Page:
While we’re only two games into the 2016-17 New Jersey Devils season, the two games featured two big differences other than the results. Against Florida, the Devils were bodied for large stretches of the game; especially in the first six or so minutes of the third period. The Devils were out-attempted by 28 attempts and out-shot by 10 shots in all situations. It was evidence of Florida’s dominance and why the Devils were fortunate to get a point. Against Tampa Bay, the Devils managed to keep up more with the potent Lightning offense. While they lost in regulation, they were only out-attempted by six and the Devils tied Tampa Bay with 34 shots. If nothing else about the game, we can’t say the Devils were rolled in a similar fashion.
It also got me thinking about differentials in shooting attempts (also known as Corsi) and shots on goal (or shots). While they aren’t the only thing as far what makes a team good or bad, how the Devils do in this particular stat will show whether the team really is making progress over this season. We can’t really make any good judgments after two games. Especially two road games against potential contenders for the Atlantic Division. However, we can look at the last two seasons to get an idea of what this season’s team will need to surpass to show progress. And if they don’t, we have to identify what needs to change to make said progress.
Why do those two seasons matter now? It’s 2016-17. Well, let’s take a step back. The 2014-15 team is considered a season where it was apparent the team needed to re-build. The 2015-16 team was the first season of said re-build with new management, new coaches, and plenty of new players. It also gave us the phrase “Fast, Attacking, Supportive.” For 2016-17 to be seen as the next step forward in this re-build, then they should be better than what they were. You can’t go forward without knowing where you’ve been.
To that end, I went to Natural Stat Trick and pulled the game-by-game data for Corsi and shot differentials for the last two seasons. I counted how many games they fit various differential ranges (e.g. Better than +10, better than +5 but less than or equal to +10, etc.) to get an idea of how often the Devils were better than their opponents in both categories. Here’s what I found:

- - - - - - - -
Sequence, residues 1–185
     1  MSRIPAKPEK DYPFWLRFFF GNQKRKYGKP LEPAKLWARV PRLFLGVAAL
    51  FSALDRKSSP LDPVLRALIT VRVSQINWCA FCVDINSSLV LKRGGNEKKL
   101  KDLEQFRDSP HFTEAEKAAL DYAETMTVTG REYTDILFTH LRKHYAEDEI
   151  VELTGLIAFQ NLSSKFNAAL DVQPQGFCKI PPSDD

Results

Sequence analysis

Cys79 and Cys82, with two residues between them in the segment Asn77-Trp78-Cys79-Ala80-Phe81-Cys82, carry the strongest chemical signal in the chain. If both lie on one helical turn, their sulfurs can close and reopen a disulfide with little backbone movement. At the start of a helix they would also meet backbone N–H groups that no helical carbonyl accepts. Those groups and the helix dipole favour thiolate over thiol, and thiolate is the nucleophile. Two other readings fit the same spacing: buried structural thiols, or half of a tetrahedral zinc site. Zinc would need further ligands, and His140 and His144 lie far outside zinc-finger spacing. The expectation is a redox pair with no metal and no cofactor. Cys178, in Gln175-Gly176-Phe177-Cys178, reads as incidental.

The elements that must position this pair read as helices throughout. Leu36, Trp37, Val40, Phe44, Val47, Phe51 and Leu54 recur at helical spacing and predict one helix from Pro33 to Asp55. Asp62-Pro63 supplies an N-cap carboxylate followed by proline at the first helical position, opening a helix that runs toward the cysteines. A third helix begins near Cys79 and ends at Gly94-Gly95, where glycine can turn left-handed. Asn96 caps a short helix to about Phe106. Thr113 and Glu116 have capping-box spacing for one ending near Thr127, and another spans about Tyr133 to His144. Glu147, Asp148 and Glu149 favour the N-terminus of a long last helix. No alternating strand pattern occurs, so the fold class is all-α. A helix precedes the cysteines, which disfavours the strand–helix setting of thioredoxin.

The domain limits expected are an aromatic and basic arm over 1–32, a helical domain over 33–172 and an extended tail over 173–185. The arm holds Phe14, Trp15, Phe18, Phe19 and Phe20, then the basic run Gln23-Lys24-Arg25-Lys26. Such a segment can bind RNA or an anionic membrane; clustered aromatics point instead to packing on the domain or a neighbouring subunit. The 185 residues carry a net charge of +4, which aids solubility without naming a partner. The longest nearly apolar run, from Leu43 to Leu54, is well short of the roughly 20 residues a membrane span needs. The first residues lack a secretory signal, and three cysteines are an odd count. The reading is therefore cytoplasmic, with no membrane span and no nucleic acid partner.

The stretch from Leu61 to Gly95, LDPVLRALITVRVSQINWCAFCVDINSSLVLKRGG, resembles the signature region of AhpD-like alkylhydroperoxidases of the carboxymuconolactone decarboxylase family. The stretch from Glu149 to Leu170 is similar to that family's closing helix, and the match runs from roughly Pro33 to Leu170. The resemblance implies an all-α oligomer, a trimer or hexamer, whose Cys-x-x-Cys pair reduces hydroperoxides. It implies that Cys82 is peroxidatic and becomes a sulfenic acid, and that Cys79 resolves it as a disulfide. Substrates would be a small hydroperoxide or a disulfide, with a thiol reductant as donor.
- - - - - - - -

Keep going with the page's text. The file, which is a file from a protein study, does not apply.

Corsi & Shot Differentials at All Strengths
All strengths means all situations - 5 on 5, power play, penalty kill, and so forth. The values I gave from the first two games of this season were over all situations. The shot differentials, for example, would fit in the -5 to -10 bucket (-10 is included) for the Florida game and the 0 to -5 bucket for the Tampa Bay game. Here’s how the Devils stacked up from two seasons ago, back when they had multiple coaches and were set for a bottom-ten finish.
There weren’t many positives. Over half of their games were negative in the Corsi differential department. In fact, just over half of their season was deeply negative in terms of Corsi differential. Shot differential looked stronger, although well more often than not, they were being out-shot.
But of course, that was a season of multiple coaches and plenty of older and ineffective players. Was 2015-16 an improvement?
Sort of! The Devils did have 23 positive Corsi differential games compared to 22 from 2014-15. Positive shot differential games improved from 17 to 20. However, that improvement was driven by more games in the 0 to +5 bucket, meaning the Devils didn’t out-shoot the opponents by much. Still, it’s progress. On the negative side, they had fewer games in the lowest bucket (Below -10) of differential for Corsi and Shots. Last season’s team managed to have a few more games where they limited the negative differential from getting too out of hand. All the same, the 2015-16 were out-shot and out-attempted more of than not in all situations.